Xenobiotics are chemicals found in organisms, but not expected to be produced or present in them; or they are chemicals found in much higher concentrations than usual. Organs transplanted cross-species are also called xenobiotic.
An example of a xenobiotic is an antibiotic; the human body does not produce them, and they are not expected to be present in the normal human diet. It is more commonly used to describe dioxins and polychlorinated biphenyls, which affect biological organisms in a variety of ways both fatal and nonfatal.
Xenobiotics are eliminated from the body through xenobiotic metabolism, in which the xenobiotic is deactivated and secreted away from the body. The liver is typically the primary focus of xenobiotic metabolism, and secretion can occur through urine, feces, breath, and sweat. Hepatic enzymes metabolize xenobiotics. An understanding of xenobiotic metabolites is critical for the pharmaceutical industry because they are responsible for the breakdown of drugs.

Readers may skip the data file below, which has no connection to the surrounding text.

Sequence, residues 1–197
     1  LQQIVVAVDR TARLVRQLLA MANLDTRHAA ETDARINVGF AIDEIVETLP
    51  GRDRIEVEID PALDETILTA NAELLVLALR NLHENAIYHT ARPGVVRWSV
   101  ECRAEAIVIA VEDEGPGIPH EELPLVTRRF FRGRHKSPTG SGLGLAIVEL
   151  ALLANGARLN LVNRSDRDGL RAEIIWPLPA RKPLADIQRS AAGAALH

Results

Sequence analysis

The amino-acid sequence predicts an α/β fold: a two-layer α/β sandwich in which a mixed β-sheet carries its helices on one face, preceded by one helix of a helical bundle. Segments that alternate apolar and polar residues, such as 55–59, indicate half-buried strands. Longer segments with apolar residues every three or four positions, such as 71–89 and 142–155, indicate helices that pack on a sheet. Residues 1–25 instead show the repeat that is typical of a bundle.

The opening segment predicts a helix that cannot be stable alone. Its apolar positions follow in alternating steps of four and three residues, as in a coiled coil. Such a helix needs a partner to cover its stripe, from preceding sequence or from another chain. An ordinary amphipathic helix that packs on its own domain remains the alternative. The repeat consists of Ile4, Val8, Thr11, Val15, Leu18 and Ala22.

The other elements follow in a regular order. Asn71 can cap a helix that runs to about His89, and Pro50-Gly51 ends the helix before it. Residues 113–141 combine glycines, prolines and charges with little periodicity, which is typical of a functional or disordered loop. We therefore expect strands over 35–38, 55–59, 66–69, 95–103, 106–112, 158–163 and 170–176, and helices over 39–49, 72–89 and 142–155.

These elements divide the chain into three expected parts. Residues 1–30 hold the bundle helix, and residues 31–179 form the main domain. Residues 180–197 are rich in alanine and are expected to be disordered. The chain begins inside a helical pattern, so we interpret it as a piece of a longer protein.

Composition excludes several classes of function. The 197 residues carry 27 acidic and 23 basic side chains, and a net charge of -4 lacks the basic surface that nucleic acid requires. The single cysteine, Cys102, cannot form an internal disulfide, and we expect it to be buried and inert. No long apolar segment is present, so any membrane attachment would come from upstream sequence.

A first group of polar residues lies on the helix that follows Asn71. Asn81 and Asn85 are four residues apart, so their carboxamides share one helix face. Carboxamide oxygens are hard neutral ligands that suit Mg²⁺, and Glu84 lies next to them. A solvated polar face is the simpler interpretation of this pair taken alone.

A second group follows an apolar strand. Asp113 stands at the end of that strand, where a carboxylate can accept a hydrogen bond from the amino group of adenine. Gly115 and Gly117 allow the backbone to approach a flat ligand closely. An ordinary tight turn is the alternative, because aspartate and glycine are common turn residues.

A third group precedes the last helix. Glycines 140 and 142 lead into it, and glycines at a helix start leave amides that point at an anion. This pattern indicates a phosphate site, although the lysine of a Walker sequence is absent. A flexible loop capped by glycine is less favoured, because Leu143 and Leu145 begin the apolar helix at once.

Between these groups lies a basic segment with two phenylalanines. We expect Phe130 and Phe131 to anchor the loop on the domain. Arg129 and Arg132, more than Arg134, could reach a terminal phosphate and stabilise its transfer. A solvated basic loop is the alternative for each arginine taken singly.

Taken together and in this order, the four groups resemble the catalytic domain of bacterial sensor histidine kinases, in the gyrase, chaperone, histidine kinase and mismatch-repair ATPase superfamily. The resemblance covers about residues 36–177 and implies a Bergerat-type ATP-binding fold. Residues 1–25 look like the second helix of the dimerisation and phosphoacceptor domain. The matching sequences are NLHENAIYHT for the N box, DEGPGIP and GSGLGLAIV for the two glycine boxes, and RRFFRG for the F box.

Sewage is increasingly contaminated with xenobiotics of all sorts, from human waste to antibiotics to dioxins. Sewage treatment systems have more trouble sorting out some of these xenobiotics than they do with other contaminants. This is because many newer xenobiotics are derived from plants, and closely mimic these natural substances. It can be nearly impossible to remove these new pollutants.
Web Resources On Xenobiotics
History of Xenobiotic Metabolism
Book Resources On Xenobiotics
Regulation of Enzymatic Systems Detoxifying Xenobiotics in Plants by Kriton K. Hatzios (Ed.)
Biochemistry of Redox Reactions by Testa & Caldwell